Also a rejected story from the latest thread of the Silent Sticky Yellow Fluid (if you know what I mean) - this is here purely for my warped sense of posterity and completionism, as I've posted all my other ill-advised Ben Chatham fics on this blog.
Now I think about it, I don't think that I've ever posted an explanation about who the hell Ben Chatham is. If anyone stumbles across this blog it would be a head scratcher...
.. Kaldor City sucks. Lawrence Miles Lawrence Miles and spambots are welcome in the comments section. There we go, that should fix the odds pretty sweet.
This is a story I put very little thought to, largely being 1/2 BPM off being clinically dead when I wrote it, a state I've been in for the past month or so. The onset of test cricket has not improved this. Who plays Steve Syme? ...I actually can't remember the names of any of Spara's favourite actors so I'll say that it's a star-spangled combo of body modelling by Ben Lee and vocals by Chip Jamison.
Also, as an odd side note the title comes from the Peter Molyneux videogame The Movies, which automatically generates titles for your cinematic masterpieces. This was certainly my favourite name to come up.
Lords of the Bathroom
In the season's Doctor-lite episode we follow Steve Symes, the only ex-boyfriend of Ben Chatham to have not been brutally disemboweled by this point. Steve dropped out of archaeology, but has found a career as a freelance journalist and is assigned by his cigar-chomping boss to run a story on a floppy-haired nutter called the Doctor, seen making moralising speeches at scenes of mass machine gun slaughter in London's CBD. On his way to the scene of the crime, Steve fights off the onset of sleep by dictating his private non-fiction manuscript "The working class and their destiny, Volume I" into a tape recorder.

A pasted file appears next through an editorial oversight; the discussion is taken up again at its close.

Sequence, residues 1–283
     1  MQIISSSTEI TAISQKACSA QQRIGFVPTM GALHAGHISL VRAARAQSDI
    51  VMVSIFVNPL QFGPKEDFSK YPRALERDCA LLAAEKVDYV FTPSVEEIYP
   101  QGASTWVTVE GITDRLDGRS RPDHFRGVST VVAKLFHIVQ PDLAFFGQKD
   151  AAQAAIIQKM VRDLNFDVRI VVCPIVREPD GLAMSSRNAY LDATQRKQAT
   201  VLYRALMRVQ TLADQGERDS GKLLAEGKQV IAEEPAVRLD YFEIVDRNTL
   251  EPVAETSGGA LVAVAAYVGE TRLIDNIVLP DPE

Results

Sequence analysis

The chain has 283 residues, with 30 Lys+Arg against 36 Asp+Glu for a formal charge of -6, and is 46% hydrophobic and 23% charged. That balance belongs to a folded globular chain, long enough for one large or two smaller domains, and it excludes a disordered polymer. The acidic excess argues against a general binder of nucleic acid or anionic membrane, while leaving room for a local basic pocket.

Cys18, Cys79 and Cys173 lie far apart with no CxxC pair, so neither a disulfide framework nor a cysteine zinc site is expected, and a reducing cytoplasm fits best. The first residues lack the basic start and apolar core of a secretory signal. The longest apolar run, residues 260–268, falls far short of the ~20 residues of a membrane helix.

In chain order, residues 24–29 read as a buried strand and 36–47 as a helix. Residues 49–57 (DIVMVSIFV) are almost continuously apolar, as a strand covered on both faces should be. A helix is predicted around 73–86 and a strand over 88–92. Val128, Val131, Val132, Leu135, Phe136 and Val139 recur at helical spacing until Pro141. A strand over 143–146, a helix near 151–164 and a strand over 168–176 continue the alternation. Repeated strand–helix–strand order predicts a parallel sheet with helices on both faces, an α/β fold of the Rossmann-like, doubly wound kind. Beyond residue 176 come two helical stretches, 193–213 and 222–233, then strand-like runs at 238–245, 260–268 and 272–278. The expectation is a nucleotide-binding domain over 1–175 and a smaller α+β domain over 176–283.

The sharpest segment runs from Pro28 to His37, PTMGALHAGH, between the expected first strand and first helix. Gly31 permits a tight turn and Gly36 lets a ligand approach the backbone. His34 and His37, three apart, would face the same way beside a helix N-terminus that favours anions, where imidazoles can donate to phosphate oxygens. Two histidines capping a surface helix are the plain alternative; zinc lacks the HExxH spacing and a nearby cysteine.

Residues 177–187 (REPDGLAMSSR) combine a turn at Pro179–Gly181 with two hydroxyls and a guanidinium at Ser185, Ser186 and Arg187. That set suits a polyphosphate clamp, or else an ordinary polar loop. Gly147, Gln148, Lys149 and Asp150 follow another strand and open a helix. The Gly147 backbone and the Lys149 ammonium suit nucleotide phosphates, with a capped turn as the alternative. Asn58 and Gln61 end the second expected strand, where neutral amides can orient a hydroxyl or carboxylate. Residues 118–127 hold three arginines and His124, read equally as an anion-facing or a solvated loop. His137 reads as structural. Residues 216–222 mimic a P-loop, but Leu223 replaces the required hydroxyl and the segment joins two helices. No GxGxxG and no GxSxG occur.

By the team he arrives, all the bodies have dispersed into a strange green fluid, somewhat unusually, and a trollop-esque girl is collecting them into jars and offering him a taste of her fresh yams. He comes to the conclusion that this woman is Daisy, a companion of the Doctor who is truly an extraterrestrial alien being travelling through time albeit primarily contemporary rural England. Daisy compliments Steve on his lateral thinking and is so overcome with joy she strips off and green-sludge-wrestles a nearby policewoman.
Reflecting on the beauty of this moment Steve decides to kidnap a schoolgirl to bring such wondrous companionship into his life - this is perfectly understandable considering that he is lonely. In the course of his antics there is a misunderstanding and he is arrested!
The bint behind it all, PC Amy Pond, is very determined to place charges on Steve. He is distraught, and so prays to whatever godlike powers exist. Fortunately, who should hear him, but the Doctor, who dematerialises on his TARDIS. Bizarrely the Doctor delivers a four-minute monologue to the wall of Steve's cell about how we should judge others less harshly than we do, before drugging Amy, shredding the paperwork and setting Steve free. He explains that the dead bodies from earlier were accused slave traders but in reality were running an orphanage ferrying service and were killed by the Judoon in a horrible misunderstanding, and so the Doctor now wants to give a life back to the world!
Steve makes it back to his office just in time. His story so far is boring and doesn't make much sense, so his finished article claims the Doctor is a pedophile to grab reader interest. His boss is so impressed with the article he makes Steve partner and reveals that the tabloid rag they run is actually a half-arsed front for Indonesian gun-runners. They share a laugh at the irony of it all.
Be sure to note the way it makes no sense was very deliberate.